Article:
The only categories that see a meaningful improvement are those of composer-performers and soloists. Composers-performers go from 19% women in the category “1980s-now” to 37% in the category “2000s-now”. This can have many causes, but one of these might be a biased attribution of this category on our part (i.e., we were less inclined to assign these artists in the category of sound artists or composers due to internalised biases of what a composer/sound artist should look like, thus removing women from categories that are traditionally assigned to men and creating a new hybrid category where they are overrepresented). We want to make clear that we explored this possibility and reflected on it, and we do not think this is the case. However, even if we merge the categories of “composer-performer” and “composer” or “composer-performer” and “sound artist”, the new statistic would still look grim and with no meaningful improvement across time frames.

For what concerns soloists, we can see an improvement from 10% of women in the category “1960s-now”, to 27% in the category “1980s-now”, to 40% in the category “2000s-now”. This seems to be good news. In reality, we have no way to say if it is, yet. It might also mean that it is harder for women to have a lifelong career in music and that more women might quit at some point, privileging teaching or less travel-intensive careers. In the case of soloists and instrumental performers, a category that sometimes relies on traditional circuits and artist agencies and might not provide full control on the use of the performer’s image in photo shoots, the gender discrimination might also be coupled with discrimination based on age and physical appearance.

fig. 8: Geographic origins of non-white artists

Chart 8 supports the initial claim that ethnic diversity is often coupled with migration and with foreignness. Indeed, artists from all European countries together account only for 13% of ethnic diversity in all these series. It is also worth noting that most of these European artists moved to Europe during their formative years. It is undeniable, then, that in Italy there are still strong barriers preventing the musical world from welcoming voices from Italians of diverse ethnic backgrounds.


While the project started only recently, and we pursued it independently in our spare time, without any support (economic or infrastructural), we have:

- published two datasets and one report on chamber and symphonic music in Florence and Milan;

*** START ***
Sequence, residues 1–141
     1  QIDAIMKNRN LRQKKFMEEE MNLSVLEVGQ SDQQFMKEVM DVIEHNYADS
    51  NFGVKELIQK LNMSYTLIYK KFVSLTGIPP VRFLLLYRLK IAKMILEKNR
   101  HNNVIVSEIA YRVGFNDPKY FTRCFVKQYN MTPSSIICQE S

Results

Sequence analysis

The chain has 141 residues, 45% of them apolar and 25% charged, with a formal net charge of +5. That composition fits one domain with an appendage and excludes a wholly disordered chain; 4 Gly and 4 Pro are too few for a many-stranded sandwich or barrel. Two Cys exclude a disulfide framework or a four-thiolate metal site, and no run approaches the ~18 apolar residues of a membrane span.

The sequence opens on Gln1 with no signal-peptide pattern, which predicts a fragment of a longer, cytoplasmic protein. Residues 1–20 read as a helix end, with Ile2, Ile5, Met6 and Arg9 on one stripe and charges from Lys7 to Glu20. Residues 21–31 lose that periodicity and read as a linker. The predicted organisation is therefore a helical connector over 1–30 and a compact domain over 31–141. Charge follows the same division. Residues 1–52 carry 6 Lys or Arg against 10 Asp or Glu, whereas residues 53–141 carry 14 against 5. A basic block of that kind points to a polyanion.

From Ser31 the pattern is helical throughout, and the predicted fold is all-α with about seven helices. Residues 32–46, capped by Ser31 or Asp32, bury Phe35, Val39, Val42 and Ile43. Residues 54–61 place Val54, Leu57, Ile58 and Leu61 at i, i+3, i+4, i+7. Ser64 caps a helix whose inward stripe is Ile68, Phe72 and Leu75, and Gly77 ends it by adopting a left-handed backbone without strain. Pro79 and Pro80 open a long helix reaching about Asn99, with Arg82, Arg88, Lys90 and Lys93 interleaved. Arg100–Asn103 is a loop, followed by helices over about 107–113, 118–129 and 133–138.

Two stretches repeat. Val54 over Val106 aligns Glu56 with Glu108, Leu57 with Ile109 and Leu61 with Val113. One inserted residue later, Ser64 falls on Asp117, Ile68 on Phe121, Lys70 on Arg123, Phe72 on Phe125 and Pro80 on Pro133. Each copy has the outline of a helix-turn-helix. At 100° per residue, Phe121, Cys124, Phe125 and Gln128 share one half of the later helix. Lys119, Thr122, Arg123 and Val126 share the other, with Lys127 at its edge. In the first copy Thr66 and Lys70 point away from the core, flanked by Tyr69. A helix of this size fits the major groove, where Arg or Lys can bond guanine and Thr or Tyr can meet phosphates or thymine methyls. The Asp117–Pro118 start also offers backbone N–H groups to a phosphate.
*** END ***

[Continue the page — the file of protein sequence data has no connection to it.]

- presented our research at two international conferences;

- published the dataset related to this text;

- we are working on an article with our qualitative data on the chamber and symphonic scene in Milan, which will be part of a volume published by Routledge in the coming months.

In total, we covered twenty-one institutions active in Italy for a total of 657 events, for which we considered not only composers but also all other music-related roles involved (adding up to more than 2,000 individuals). With this groundwork data available almost entirely online, we hope it will be now impossible to hide or deny the blatant gender- and ethnic-based discrimination within the music industry. And now what?

While we have been writing this article, live performances stopped virtually everywhere due to the COVID-19 pandemic. Live performances in Italy have now been suspended for almost five months. Every music worker (musicians, curators, performers, technicians, etc.) is dealing with the consequences of the pandemic personally, physically, psychologically, and economically. In the midst of all these challenges, our plea to end discrimination and re-emerge with more inclusive programming might seem insensitive, if not completely disconnected from reality, to most music organisers and artists. Yet, the ripple effect generated in Italy by the Black Lives Matter protests and the ensuing conversations (re)started about the country’s colonial past as well as the inadequacy of its broadly accepted colour-blind approach (justified by meritocratic discourse) make our plea to the Italian musical world timelier than ever. There is no solution that fits everyone, except one: stop avoiding the problem.

But what is next for us, Curating Diversity? At this point we do not plan to collect more data. However, we would like to find partners that are willing to reflect together with us on solutions. We are happy that during our interview with Standards we felt we found this was somewhat possible, and we are hopeful for the future.